In this edition of 5 Things, Food Management highlights five things you may have missed recently about developments affecting onsite dining.
Here’s your list for today:
1. Tufts launches Food Is Medicine Institute
The new Food is Medicine Institute at the Friedman School of Nutrition Science and Policy at Tufts University aims to address a glaring gap in the medical system by working to integrate food-based nutrition interventions into health care to treat disease and advance health equity. It establishes a university-wide initiative aimed at transforming health care through scalable food-based interventions such as medically tailored meals and prescriptions for produce, nutrition education for doctors, and clinical care, electronic health record, and reimbursement pathways for nutrition-based tools to help treat or prevent diet-related illnesses such as heart disease, diabetes, and certain cancers and complications during pregnancy.
2. How will expanded CEP eligibility rules impact Hawaii’s state-wide district?
Recent changes to the National School Lunch Program expanding the Community Eligibility Provision (CEP) could allow a major expansion in the number of Hawaii schools that offer free meals to all students, but it’s unclear how many of schools will take advantage as 17 that were CEP eligible last year chose not to participate. Another question the district faces is whether all schools can now qualify for CEP as Hawaii has a single statewide school district, and it is still trying to determine whether the state can group together all schools and if so, whether it would meet the CEP eligibility threshold of 25% of the student body qualifying based on family income.
3. Johns Hopkins works with sustainable agriculture firm to help meet environmental goals
Strong Roots 9, a self-described "lifestyle and wellness omnibrand" that promotes sustainable agriculture through reconnecting with America's natural heritage, is spicing up the menu at Johns Hopkins University (JHU) while also supporting the university's push for more environmentally conscious dining. Hopkins Dining's partnership with Strong Roots 9 is part of a larger push to increase sustainable practices across the university. The recently released draft of JHU's Climate Action and Sustainability plan outlines goals and actions to improve the university's impact on the environment, including ways to make dining zero-waste pre-consumer.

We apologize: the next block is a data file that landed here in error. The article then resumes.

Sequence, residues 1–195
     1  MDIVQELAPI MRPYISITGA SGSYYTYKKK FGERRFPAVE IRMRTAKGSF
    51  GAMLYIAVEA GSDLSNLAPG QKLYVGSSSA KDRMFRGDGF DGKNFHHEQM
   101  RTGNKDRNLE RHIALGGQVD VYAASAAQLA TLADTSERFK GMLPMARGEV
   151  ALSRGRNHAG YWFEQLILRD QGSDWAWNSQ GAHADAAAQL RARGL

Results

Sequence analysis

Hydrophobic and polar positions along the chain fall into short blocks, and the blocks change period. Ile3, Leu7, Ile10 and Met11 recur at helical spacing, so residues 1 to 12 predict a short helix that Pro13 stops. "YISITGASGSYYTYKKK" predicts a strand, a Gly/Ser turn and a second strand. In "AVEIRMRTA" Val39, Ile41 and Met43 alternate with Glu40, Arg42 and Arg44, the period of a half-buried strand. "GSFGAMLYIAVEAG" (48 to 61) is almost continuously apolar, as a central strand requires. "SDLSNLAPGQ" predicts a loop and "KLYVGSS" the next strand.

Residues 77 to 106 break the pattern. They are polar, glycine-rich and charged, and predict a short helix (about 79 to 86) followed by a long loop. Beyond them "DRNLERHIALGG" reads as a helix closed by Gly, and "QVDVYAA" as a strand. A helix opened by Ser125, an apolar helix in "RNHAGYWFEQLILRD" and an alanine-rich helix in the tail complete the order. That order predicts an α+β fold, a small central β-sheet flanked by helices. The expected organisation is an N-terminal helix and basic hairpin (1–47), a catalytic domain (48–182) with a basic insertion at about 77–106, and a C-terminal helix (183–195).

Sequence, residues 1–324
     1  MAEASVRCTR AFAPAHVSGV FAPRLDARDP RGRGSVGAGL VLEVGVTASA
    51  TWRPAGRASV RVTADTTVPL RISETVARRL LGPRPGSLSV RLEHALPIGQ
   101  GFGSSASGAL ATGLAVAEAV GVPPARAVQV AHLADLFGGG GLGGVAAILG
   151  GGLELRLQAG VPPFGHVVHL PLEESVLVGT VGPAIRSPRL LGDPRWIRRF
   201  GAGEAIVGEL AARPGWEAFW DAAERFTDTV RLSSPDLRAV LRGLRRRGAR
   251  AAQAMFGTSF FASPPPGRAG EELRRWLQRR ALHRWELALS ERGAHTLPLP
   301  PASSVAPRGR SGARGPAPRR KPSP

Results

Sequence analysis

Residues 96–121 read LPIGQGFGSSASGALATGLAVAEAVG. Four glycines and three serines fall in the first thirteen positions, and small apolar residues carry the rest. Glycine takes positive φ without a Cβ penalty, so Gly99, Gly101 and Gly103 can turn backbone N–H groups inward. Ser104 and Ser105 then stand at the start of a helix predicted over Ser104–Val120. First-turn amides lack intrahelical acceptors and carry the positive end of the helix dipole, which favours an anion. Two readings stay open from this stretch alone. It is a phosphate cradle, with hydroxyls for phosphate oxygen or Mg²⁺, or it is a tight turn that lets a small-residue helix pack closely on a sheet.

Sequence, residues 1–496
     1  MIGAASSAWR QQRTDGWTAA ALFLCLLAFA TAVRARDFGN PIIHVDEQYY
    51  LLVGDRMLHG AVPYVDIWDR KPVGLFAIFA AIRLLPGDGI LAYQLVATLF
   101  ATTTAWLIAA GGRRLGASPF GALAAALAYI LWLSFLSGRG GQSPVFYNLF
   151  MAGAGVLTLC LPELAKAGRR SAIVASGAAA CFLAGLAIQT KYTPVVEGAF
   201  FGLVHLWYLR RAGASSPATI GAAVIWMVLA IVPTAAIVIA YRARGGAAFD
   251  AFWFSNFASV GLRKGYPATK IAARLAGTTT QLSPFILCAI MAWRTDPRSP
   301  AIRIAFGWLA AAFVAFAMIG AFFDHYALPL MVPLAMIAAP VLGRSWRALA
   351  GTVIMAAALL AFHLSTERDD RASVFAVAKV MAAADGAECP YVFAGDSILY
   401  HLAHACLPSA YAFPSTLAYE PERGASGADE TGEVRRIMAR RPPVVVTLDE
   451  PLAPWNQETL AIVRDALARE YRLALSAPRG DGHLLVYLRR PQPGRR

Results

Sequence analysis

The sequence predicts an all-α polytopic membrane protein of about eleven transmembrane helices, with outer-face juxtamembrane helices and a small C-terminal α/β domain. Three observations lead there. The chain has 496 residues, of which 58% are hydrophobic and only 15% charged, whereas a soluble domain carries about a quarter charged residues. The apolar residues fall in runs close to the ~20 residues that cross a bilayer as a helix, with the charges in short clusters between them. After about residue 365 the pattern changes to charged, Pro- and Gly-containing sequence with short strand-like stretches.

4. University to supply all dining halls with EpiPens
Beginning this fall, the University of Delaware will provide a supply of EpiPen epinephrine auto-injectors in all campus dining halls. “Severe allergic reactions or anaphylaxis can happen anywhere and at any time,” explained Student Health Services Executive Director and University Medical Director Dr. Rick Hong. “But there is a higher risk in the dining halls given the variety of foods and ingredients with little time to respond before a life threat occurs.”
Read more: Epipens Added to Campus Dining Halls
5. Cura appoints new culinary director, corporate exec chef
Cora Hospitality has named John Cramutola corporate culinary director and promoted Jason Clark to corporate executive chef. Cramutola, who has worked in the healthcare industry for over 11 years and the culinary industry for 14 years, has refreshed training programs such as the Cura Culinary College, created culinary opportunities for chefs to be innovative, and re-designed Cura’s Culinary Standards to reflect the ever-evolving nature of the hospitality industry. Clark, who joined Cura in 2019 as an executive chef managing upscale senior living restaurants, banquets, and catering events, is an award winning chef who has spent much of his career in the hotel restaurant market, including operating the Final Cut steakhouse in the Hollywood Casino in Grantville, Pa. that went on to win Distinguished Restaurants of North America honors.
Contact Mike Buzalka at [email protected]